Journal of Pharmacology and Pharmacotherapeutics

: 2012  |  Volume : 3  |  Issue : 4  |  Page : 349--350

Old wine, old bottle, new customer

G Sivagnanam. 
 Department of Pharmacology, Indira Gandhi Medical College and Research Institute, Kadhirkamam, Puducherry, India

Correspondence Address:
G Sivagnanam.
Department of Pharmacology, Indira Gandhi Medical College and Research Institute, Kadhirkamam, Puducherry

How to cite this article:
Sivagnanam. G. Old wine, old bottle, new customer.J Pharmacol Pharmacother 2012;3:349-350

How to cite this URL:
Sivagnanam. G. Old wine, old bottle, new customer. J Pharmacol Pharmacother [serial online] 2012 [cited 2022 Jan 26 ];3:349-350
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The cheap injection that might be able to save a soldier's life.

It has been roughly estimated that it would take about 4 h for injured soldiers to receive a blood transfusion at a hospital. Researchers at Massachusetts General Hospital wondered whether histone deacetylase (HDAC) inhibitors could counter and prevent organ failure in instances of rapid blood loss. Pigs were divided into three groups and were drained of 60% of their blood. Group 1 received saline infusion, group 2 received valproic acid (HDAC inhibitor) injection, and group 3 blood transfusion. Survival at the end of 4 h was 25%, 86%, and 100%, respectively. A similar effect in humans by valproic acid can buy time drastically in soldiers who have suffered massive blood loss till blood transfusion is available. [1]


It has been previously shown that valproic acid, an HDAC inhibitor, can improve survival in lethal models of hemorrhagic shock. [2]

Usage of corticosteroids as a therapy for numerous forms (e.g., septic, hypovolemic, traumatic, cardiogenic, etc.) of circulatory shock is well known, though the mechanism is unclear. Corticosteroids suppress the multiple inflammatory genes that are activated in asthmatic airways mainly by reversing histone acetylation of activated inflammatory genes. [3] A preliminary clinical trial has indicated that the broad spectrum HDAC inhibitor, valproic acid, has potent antiasthmatic activity. [4]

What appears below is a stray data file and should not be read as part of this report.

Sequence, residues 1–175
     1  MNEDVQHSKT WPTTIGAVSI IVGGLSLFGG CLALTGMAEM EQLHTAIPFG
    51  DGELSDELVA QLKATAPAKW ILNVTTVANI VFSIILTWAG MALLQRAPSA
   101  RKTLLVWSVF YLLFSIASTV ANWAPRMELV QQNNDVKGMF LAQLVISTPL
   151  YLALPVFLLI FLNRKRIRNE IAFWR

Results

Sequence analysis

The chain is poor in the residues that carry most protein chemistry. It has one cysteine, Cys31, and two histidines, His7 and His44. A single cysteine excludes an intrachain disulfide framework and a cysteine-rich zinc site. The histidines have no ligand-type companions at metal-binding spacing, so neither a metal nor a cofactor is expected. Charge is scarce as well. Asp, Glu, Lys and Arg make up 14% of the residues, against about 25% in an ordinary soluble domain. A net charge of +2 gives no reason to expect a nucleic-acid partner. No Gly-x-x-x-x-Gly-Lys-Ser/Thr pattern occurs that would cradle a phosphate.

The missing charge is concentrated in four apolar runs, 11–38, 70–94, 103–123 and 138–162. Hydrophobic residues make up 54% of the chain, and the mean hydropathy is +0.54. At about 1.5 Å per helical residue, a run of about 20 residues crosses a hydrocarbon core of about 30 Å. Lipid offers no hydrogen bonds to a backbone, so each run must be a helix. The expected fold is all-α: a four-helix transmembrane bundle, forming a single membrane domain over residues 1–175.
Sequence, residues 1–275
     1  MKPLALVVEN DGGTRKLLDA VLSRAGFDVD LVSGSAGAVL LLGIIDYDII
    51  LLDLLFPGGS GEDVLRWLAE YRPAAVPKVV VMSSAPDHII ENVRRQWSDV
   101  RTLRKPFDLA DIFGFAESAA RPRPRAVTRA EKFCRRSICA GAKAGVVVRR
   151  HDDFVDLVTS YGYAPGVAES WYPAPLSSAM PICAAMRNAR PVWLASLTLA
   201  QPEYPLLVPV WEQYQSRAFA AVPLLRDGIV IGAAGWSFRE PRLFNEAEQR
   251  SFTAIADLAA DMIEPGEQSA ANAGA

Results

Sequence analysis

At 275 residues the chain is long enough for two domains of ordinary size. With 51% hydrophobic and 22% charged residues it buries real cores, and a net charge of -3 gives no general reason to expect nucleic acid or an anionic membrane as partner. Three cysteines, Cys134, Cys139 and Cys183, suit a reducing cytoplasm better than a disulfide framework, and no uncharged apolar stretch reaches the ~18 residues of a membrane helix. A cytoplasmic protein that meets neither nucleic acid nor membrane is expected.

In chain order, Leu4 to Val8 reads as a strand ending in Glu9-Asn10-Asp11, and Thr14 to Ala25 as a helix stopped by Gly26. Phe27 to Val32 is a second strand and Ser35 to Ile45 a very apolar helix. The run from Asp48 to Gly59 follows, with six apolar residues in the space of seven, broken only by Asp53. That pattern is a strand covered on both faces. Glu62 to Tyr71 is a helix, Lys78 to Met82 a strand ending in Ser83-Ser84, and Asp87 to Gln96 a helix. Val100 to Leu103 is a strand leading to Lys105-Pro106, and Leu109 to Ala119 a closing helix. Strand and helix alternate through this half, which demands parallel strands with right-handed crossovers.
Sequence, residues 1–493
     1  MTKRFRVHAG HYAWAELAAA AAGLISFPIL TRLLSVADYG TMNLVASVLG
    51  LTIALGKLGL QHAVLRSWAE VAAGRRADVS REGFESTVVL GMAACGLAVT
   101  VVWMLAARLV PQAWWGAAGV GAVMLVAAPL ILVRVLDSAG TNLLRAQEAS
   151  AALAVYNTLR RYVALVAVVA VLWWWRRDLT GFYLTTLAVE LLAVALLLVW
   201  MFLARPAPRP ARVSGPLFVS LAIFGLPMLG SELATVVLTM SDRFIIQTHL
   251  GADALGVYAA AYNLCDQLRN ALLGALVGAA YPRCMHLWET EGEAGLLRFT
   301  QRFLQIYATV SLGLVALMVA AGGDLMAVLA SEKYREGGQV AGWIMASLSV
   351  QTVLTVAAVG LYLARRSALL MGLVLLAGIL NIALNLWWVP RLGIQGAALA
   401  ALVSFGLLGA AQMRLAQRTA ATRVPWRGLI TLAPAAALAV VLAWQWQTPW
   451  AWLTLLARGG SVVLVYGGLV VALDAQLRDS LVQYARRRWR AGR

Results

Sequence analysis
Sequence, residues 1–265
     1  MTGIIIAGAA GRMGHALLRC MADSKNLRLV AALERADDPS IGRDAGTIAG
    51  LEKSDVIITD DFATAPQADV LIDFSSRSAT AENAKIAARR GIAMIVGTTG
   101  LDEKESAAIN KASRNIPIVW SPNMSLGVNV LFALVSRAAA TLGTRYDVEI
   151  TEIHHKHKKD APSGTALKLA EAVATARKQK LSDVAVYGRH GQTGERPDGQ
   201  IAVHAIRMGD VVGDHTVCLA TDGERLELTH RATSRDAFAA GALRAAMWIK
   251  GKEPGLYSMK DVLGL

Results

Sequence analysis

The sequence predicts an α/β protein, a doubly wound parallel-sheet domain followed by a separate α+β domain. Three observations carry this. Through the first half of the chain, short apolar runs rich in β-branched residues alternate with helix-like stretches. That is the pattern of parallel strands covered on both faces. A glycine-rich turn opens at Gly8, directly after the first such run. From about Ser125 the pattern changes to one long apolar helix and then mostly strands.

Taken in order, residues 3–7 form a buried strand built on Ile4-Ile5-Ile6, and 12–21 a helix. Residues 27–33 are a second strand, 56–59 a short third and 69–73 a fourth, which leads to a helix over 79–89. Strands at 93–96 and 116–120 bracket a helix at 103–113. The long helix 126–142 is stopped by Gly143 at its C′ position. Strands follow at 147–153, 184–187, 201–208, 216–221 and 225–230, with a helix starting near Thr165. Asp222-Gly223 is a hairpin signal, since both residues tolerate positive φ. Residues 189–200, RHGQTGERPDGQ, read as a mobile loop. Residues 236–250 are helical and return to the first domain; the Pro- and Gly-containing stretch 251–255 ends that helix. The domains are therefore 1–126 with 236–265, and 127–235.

Whether corticosteroids as well as valproic acid affect the same HDAC to bring out the beneficial effects in shock is not known.

Ironically, there are case reports implicating valproic acid in the causation of shock. [5],[6]

Recently in rat models, a serum protein called claudin-3 has been shown to be elevated with a concurrent decrease in intestinal claudin-3 levels in hemorrhagic shock. These alterations were reversed by valproic acid treatment. In this study, claudin-3 has been suggested as a potential biomarker in hemorrhagic shock and its treatment. [7]

Whatever may be the mechanism, if valproic acid is shown to enhance survival time in hemorrhagic shock in humans, then it would occupy a status in the "must have drugs list" in the emergency department.


1Available from: [Last accessed 2012 Aug 14].
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